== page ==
Making your own estate plan gives you the space and flexibility to set terms that reflect your family’s needs. If you were to die without a last will, your spouse will receive a specific portion of your estate, while your children will typically equally split the remaining assets.
When an even split isn’t necessarily what’s fair, parents will invest time in the creation of an estate plan that includes uneven inheritances for their children. If you think that that approach is the one you will take for your legacy, you need to understand the possible consequences of leaving behind more for some family members than for others.
The discrepancy in what your loved ones receive could change over time
One way that people leave behind on equal inheritance has involved leaving different assets for different family members. However, a brokerage account and a home with the same base value at the time of a state plant planning could each have very different values and tax implications when the testator dies.
It can be hard to predict how investments or even real estate will fluctuate in value, so hiding the value discrepancies of your plan through the bequest of different kinds of assets may eventually cause discord among your heirs.
Family members may grow to resent each other or you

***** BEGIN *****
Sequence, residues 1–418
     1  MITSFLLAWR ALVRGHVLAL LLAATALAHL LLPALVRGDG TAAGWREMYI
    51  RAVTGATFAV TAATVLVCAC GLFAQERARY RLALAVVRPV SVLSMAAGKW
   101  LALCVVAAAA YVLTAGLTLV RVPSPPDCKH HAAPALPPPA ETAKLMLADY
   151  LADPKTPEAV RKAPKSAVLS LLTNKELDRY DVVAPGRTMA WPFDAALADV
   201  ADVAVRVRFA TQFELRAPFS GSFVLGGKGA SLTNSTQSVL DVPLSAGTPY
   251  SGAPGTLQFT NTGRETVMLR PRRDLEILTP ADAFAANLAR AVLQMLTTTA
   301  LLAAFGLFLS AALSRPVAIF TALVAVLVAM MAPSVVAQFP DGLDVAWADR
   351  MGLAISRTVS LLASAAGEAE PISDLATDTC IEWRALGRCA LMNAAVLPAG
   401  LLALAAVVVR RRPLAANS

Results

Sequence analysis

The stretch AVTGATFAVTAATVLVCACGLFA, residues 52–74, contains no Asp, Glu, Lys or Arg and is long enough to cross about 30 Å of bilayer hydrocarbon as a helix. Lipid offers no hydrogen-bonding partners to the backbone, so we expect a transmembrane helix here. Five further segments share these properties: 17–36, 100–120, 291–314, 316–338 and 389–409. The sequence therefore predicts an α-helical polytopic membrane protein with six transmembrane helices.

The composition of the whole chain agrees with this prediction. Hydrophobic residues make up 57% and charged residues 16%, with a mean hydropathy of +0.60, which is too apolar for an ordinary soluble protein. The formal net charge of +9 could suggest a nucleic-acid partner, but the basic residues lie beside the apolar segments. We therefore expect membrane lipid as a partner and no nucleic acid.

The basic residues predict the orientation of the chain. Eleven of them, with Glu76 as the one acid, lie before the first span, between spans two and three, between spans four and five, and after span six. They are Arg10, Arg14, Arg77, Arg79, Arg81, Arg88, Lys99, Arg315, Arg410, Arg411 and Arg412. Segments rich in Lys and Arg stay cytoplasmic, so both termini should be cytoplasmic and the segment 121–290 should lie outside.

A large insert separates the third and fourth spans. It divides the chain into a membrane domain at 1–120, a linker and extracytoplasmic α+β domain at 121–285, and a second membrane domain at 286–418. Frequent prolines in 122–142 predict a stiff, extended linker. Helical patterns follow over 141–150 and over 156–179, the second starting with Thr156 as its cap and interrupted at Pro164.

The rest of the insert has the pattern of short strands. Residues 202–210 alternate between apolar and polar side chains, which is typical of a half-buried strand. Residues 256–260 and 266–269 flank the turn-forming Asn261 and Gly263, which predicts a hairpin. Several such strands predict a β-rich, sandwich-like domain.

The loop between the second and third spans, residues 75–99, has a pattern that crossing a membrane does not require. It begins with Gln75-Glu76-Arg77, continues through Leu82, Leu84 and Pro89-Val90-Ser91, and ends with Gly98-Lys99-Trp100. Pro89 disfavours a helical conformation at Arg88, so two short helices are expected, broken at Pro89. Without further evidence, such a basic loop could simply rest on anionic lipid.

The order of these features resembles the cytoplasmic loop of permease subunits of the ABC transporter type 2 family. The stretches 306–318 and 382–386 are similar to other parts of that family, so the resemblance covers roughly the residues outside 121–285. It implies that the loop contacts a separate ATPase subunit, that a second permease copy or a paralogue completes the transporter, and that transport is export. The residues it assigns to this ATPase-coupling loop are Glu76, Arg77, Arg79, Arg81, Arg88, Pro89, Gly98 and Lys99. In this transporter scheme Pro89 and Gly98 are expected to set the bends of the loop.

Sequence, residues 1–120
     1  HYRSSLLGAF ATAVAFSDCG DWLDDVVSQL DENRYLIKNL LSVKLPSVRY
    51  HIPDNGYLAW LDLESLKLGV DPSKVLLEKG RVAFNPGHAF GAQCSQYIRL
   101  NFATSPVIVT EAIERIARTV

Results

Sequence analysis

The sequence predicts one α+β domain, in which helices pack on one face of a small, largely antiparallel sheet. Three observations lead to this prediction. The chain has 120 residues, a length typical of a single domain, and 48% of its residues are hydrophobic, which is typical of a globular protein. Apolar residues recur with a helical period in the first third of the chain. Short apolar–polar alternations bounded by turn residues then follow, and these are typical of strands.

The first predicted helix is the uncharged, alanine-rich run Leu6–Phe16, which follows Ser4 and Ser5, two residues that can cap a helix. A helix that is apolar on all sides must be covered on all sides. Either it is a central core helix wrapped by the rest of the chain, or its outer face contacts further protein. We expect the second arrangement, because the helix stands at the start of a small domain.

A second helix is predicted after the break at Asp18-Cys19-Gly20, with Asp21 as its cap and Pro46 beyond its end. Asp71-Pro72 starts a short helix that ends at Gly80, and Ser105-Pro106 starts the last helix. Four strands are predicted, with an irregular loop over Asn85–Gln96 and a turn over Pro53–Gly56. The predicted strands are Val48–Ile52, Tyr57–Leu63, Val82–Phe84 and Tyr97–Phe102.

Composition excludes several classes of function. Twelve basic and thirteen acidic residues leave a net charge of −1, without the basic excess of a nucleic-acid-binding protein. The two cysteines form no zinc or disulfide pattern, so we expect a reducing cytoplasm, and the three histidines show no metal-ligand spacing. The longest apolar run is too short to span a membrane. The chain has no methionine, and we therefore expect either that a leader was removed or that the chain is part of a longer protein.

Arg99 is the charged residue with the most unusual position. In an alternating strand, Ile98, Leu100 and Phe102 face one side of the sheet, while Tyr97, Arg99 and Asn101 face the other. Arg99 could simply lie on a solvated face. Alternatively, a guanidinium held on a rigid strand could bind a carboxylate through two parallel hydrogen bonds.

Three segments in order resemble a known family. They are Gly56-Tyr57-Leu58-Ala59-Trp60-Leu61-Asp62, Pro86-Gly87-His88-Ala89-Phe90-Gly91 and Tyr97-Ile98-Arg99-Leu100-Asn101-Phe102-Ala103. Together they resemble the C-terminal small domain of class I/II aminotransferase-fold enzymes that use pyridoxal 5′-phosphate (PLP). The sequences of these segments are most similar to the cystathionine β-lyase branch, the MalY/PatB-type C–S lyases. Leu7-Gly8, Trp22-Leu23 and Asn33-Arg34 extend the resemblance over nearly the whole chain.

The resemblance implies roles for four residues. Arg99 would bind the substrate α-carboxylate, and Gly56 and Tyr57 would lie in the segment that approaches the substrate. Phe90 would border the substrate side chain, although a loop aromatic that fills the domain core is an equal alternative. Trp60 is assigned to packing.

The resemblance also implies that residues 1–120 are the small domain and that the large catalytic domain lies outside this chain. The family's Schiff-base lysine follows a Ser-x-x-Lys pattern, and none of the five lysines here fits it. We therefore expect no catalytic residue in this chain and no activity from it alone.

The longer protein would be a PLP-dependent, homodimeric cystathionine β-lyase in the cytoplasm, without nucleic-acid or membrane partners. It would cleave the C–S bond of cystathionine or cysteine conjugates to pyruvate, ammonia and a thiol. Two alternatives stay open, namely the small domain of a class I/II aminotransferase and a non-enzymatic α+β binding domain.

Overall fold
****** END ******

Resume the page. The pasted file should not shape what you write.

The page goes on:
Maybe you had to spend two decades after high school helping support one of your children until they finally started their career in their forties. You might leave them less of an inheritance than their siblings because of how much financial support you provided during their life.
Unfortunately, it is unlikely that the recipient who gets less than others will feel that your decision is fair. They may grow angry at you or at their siblings who receive more from the estate. The result could be posthumous damage to your relationship with your children or the long-term alienation of your children from each other.
Displeasure with solutions perceived as unfair could lead to probate challenges
As if conflict within your family wasn’t concerning enough, the possibility also exists for beneficiaries from your estate to challenge your wishes because they view them as unfair or improperly influenced by the person receiving more than other beneficiaries.
Being cautious about how you split your assets up, disclosing your intentions to your family and even including a letter explaining the uneven allocation of assets can all help prevent challenges against your estate plan and family conflict after you die.